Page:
It’s called the “Baader-Meinhof Phenomenon” when you start noticing something everywhere. Like for instance you write a blog about cutlery and you really like the design of spoons. Then suddenly every single day you start seeing spoons everywhere. It’s a fatal flatware affliction.
There is a great new food site from the people at Vice called Munchies.Vice.com and they have an interesting article about heavy cutlery. The results of a study at Oxford University state that food seems to taste better if you use heavy forks and knives. An experiment showed that the people using weighty knives and forks thought their food actually tasted better that those who were given lightweight cutlery.
The image above shows Exercise Cutlery from a previous post of ours.
So what do you think? Do you notice that the food doesn’t get the respect it deserves if it’s served with something like plastic cutlery? I think so. So how do chopsticks affect the situation? Questions and more questions about flatware…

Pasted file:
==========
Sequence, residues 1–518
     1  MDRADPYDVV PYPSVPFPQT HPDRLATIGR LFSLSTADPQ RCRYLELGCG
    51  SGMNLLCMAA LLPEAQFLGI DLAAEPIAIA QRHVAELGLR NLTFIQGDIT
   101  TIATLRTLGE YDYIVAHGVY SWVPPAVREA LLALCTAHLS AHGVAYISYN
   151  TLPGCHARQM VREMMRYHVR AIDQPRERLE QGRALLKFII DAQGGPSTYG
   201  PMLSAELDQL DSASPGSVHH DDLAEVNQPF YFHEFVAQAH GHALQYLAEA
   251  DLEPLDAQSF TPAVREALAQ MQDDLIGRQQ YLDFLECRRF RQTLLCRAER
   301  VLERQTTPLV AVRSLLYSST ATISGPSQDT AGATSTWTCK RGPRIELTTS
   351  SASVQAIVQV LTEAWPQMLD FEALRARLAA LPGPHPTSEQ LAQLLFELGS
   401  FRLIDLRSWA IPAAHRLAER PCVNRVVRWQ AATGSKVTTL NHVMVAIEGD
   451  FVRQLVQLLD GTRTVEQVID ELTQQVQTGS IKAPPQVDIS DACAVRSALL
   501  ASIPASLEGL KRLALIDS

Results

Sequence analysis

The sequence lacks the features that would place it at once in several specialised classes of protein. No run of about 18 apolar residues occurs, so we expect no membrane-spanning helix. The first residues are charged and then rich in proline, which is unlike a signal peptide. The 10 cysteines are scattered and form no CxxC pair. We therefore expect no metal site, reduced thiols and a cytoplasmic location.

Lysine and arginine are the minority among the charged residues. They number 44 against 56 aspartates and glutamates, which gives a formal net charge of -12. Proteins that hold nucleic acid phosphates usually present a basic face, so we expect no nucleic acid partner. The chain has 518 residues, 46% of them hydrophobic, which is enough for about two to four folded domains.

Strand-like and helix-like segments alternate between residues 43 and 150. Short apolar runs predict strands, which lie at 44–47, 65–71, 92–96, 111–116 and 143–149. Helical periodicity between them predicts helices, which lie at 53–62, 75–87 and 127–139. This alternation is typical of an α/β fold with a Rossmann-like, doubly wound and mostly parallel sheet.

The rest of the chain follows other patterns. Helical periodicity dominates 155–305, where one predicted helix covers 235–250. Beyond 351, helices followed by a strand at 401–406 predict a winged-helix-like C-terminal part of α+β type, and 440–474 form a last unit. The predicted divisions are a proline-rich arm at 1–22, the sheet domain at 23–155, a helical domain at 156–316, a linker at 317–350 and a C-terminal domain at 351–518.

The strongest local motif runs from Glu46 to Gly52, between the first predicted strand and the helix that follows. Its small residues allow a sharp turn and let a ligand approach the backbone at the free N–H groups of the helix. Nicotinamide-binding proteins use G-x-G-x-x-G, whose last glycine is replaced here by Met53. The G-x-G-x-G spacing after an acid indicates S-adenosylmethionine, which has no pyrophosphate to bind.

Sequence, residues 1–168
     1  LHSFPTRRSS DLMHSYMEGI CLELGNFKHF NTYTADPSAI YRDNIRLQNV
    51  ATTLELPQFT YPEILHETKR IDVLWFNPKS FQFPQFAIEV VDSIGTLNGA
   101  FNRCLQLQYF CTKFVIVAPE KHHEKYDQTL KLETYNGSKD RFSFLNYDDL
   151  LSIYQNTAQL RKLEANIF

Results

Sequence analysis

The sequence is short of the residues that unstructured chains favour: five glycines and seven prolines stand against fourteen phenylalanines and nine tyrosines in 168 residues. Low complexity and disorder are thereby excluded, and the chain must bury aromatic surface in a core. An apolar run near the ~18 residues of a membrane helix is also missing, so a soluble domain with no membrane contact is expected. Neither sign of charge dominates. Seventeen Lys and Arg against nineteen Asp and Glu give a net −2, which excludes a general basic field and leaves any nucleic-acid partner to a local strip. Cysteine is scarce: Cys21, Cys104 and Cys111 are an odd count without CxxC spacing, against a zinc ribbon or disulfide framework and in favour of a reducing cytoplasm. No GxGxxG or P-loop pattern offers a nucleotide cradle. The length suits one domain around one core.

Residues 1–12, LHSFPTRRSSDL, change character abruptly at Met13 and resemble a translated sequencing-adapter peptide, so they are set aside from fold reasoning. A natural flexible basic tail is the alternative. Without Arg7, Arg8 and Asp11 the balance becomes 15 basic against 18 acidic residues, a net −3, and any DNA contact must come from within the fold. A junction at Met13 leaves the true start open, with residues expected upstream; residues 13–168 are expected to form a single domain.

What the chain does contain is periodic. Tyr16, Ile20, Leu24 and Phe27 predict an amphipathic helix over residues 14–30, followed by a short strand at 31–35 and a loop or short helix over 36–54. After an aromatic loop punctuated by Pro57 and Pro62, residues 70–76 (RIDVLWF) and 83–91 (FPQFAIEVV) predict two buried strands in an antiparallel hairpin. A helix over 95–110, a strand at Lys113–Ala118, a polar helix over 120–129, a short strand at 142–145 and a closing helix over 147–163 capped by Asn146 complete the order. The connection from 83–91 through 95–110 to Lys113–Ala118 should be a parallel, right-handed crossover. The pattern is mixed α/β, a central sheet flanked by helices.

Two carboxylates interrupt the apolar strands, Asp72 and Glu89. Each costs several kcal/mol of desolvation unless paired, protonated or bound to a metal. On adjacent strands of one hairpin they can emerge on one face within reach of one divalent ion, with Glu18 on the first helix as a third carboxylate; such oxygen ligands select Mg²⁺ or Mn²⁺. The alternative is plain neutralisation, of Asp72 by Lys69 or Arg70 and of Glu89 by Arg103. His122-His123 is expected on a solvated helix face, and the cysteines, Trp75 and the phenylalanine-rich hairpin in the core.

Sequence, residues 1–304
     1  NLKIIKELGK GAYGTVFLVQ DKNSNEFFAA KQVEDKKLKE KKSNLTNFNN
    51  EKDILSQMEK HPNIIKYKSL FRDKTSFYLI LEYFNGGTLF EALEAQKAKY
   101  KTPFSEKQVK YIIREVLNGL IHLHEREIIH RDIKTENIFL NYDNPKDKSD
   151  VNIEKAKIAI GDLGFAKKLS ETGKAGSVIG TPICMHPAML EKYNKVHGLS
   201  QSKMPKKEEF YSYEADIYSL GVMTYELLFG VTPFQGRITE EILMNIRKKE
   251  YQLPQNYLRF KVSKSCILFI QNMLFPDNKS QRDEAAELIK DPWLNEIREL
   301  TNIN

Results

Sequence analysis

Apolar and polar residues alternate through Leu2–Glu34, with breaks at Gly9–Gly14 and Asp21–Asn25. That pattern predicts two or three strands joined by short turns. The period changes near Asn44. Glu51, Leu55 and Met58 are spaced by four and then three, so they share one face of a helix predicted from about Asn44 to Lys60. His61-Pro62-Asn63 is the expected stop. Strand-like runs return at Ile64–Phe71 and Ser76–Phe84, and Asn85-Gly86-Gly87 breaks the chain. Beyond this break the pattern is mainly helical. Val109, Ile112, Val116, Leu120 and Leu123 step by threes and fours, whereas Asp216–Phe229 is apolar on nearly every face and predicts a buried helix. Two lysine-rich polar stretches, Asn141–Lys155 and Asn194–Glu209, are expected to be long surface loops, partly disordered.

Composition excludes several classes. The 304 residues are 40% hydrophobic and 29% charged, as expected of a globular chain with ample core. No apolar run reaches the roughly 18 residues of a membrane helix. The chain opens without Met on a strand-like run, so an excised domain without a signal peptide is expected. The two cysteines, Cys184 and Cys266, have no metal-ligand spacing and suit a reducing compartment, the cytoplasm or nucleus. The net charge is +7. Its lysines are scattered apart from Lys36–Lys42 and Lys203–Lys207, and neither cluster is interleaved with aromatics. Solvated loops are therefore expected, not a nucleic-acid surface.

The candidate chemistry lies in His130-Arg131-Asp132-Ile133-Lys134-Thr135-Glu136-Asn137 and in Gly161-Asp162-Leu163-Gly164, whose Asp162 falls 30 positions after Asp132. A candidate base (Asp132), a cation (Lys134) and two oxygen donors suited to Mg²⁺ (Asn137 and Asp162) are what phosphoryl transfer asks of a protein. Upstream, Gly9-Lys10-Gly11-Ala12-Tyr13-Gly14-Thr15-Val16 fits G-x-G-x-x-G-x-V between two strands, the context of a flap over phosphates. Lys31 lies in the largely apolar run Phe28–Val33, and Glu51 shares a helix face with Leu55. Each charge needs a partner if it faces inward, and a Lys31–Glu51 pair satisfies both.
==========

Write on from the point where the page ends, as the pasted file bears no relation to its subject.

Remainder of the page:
Around here we prefer the term cutlery obviously but the discussion continues everyday about what we call those utensils that we use to put food in our mouths. What is it called? Cutlery, Flatware or Silverware? Isn’t Silverware supposed to be made of silver?
The above image is some flattened design flatware by Josef Hoffmann.
A great post at The Grammarphobia Blog talks about what is “flat” about Flatware and the history of the terms that we seem to use interchangeably.
According to an article from Ben Spencer of the Daily Mail Online: Despite centuries of tradition, scientists say that fine cutlery is made of the wrong stuff. Silver knives, forks and spoons make certain types of food taste unpleasant, they have discovered.
- Silver cutlery found to make certain types of food taste unpleasant
- Stainless steel, which in most households is reserved for day-to-day eating, performed better than silver in a series of taste tests
- Gold made food the tastiest because it is the most inert material
Read more: http://www.dailymail.co.uk/